In this line and in support of the Convention Amnesty has set its own articles which are in support the UNICEF’s Convention requirements the Articles of Universal Declaration. Article 25 of the Universal Declaration stipulates that education should be availed for everyone and should be free for up to the elementary level (Amnesty International USA, 2010). According to Amnesty International, Education is important and is most essential as without it it would be almost impossible to realize the other human rights. In support of this the members fight against any actions that prevent children from being educated. Activities that prevent and interfere with children’s education are many and vary depending on the region.
In some regions children are forced to work. Therefore, they spend time laboring instead of attending to school. In other regions and especially in war torn regions children are forced to take arms and go to war. While, in other regions they have discriminatory behaviors which maybe based on race or gender. There are also cultural practices that interfere with a child’s chance to continue with learning. Such cultural practices include early forced marriages. Article 16 of the Universal Declaration stipulates that one has to fully consent in marriage and one has to be of full age in order to bind him/herself to marriage. This implies that Amnesty will assist in fighting and educating those cultures that interferes with children’s education prospects in any way.
Amnesty has been active in demanding that Bosnia and Herzegovina, Croatia and Slovenia should be forced to stop discriminating Romania children from getting education. Amnesty has also demanded that these countries should be active in promoting equality in children’s education. In Pakistan children have been held in prisons unfairly and Amnesty’s members have been campaigning for their freedom. Amnesty International is a member of the Coalition to stop use of Child Soldiers and as a member of this Coalition. Amnesty has been fighting to ensure that there would be no more recruitment of children as soldiers to fight in civil wars. Amnesty has also been demanding that those who have already been recruited should be taken back and returned to life as civilians to enjoy their childhood. One of the successes by Amnesty was getting Russian Federation to ratify a law that requires minimum age for new recruitments in their army would be 18 years. Amnesty was working together with Coalition to stop the use of Child Soldiers in this battle.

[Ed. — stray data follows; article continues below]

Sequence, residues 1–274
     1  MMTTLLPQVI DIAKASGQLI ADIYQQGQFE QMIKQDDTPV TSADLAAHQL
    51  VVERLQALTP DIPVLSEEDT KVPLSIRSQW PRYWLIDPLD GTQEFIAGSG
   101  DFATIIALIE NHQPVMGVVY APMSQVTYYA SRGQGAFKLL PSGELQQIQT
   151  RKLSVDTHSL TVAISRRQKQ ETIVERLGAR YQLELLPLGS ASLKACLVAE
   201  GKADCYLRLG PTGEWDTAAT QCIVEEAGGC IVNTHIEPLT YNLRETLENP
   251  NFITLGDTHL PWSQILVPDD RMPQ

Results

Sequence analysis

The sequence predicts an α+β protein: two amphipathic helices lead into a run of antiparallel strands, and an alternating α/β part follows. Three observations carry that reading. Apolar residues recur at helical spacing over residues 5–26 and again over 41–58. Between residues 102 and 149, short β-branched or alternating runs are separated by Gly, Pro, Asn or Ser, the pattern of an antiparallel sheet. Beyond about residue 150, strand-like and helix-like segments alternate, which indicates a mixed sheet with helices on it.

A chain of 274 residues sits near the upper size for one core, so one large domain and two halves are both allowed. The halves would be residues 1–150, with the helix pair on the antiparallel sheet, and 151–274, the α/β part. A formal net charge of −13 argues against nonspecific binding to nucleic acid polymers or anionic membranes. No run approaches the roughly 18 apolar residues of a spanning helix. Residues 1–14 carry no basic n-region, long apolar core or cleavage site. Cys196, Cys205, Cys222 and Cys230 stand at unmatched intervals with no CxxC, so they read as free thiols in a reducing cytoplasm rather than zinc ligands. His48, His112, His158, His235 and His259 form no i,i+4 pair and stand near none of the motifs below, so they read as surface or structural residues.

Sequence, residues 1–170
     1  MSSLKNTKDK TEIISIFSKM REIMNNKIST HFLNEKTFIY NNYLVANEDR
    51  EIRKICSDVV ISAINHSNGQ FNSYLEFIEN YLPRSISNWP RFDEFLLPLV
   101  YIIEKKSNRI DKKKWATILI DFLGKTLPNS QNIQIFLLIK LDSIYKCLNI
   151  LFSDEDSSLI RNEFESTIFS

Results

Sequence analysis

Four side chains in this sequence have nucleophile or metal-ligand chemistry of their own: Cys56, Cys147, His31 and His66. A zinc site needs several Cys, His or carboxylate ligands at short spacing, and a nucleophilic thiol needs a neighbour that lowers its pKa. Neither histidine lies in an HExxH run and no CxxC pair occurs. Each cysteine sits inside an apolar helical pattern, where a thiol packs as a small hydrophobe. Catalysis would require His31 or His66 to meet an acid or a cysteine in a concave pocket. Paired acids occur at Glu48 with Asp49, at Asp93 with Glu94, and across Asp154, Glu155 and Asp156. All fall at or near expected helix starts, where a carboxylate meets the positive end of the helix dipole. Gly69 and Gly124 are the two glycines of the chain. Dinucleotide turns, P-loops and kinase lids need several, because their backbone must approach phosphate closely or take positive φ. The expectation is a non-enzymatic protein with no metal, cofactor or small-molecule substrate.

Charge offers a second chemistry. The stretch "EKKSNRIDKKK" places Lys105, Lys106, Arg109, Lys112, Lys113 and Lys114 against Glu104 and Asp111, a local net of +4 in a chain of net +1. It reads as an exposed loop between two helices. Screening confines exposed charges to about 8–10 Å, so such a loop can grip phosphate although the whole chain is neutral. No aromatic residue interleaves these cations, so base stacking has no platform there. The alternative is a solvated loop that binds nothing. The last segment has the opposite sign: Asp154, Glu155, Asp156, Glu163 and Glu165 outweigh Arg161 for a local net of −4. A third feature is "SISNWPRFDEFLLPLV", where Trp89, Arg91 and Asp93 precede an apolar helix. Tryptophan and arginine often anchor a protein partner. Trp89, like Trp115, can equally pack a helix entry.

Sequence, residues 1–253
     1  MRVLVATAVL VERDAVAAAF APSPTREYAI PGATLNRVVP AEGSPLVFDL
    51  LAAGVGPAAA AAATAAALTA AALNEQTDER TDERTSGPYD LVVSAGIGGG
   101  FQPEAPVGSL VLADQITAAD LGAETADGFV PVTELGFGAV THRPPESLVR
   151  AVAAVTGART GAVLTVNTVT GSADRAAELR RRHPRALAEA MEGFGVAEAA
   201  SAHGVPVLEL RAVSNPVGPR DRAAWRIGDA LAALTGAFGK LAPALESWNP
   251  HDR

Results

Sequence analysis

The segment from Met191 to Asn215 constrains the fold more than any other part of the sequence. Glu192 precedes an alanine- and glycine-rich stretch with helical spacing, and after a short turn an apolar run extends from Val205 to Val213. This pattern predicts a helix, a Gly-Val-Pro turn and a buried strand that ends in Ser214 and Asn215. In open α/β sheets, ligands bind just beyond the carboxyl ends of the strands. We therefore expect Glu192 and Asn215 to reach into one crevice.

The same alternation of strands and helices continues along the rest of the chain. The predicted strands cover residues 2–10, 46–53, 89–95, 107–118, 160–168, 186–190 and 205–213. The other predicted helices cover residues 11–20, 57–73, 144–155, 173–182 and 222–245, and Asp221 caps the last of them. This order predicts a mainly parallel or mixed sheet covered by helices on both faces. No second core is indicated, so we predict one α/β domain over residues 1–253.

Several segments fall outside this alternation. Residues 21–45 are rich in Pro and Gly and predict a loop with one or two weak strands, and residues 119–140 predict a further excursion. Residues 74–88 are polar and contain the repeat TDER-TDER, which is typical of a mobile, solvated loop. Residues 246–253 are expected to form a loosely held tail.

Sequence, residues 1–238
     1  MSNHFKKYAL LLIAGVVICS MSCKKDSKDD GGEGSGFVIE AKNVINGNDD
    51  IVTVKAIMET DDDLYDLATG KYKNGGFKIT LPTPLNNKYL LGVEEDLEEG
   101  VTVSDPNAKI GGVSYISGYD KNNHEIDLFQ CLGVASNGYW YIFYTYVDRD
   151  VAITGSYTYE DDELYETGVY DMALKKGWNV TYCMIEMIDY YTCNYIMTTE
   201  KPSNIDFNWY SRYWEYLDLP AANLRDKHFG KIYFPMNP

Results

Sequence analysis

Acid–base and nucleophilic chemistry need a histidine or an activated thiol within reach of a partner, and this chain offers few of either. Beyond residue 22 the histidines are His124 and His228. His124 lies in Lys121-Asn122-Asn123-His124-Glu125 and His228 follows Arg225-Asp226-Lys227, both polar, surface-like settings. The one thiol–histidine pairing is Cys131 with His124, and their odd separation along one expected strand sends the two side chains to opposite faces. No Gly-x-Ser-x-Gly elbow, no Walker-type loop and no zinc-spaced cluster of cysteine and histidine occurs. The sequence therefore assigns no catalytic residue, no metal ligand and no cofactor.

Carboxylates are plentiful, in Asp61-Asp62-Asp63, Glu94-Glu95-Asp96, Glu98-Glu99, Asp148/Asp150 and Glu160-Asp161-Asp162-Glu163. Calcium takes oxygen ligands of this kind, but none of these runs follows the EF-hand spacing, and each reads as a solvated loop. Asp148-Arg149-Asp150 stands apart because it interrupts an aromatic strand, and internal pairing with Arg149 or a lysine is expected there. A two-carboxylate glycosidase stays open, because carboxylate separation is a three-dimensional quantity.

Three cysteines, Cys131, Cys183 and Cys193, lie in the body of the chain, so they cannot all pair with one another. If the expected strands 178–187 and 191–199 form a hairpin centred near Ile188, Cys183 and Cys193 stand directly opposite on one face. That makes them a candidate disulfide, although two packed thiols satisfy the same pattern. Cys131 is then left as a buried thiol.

Amnesty International on Hurricane Katrina
Hurricane Katrina caused a lot of suffering, more than a thousand people died and millions of people were displaced. Hence, effects of the hurricane have been evidence of the destruction that occurs when governments fail to incorporate human rights in natural disaster preparedness, response and recovery. Article eight of the Universal Declaration stipulates that no one should be discriminated against despite of their race, religion or physical disability. According to a report by International Human Rights Law Clinic,(When Disaster Strikes a Human Rights analysis of the 2005 Gulf Coast Hurricane) the United States government was accused of violating human rights and was also discriminatory in the response to the disaster. There were preexisting human rights conditions which made victims more vulnerable to disaster. Most of the victims of the hurricane were poor African American who is the residents of New Orleans. Even after the disaster the US government failed to adopt necessary measures that eased the victims return to their homes, that protected their property and that safeguarded their rights to shelter and safe healthy environment. Amnesty International USA has been at the forefront in fighting for the rights of those who were displaced. Amnesty International recognizes and supports the sentiments in the UN statement “Housing is a human right.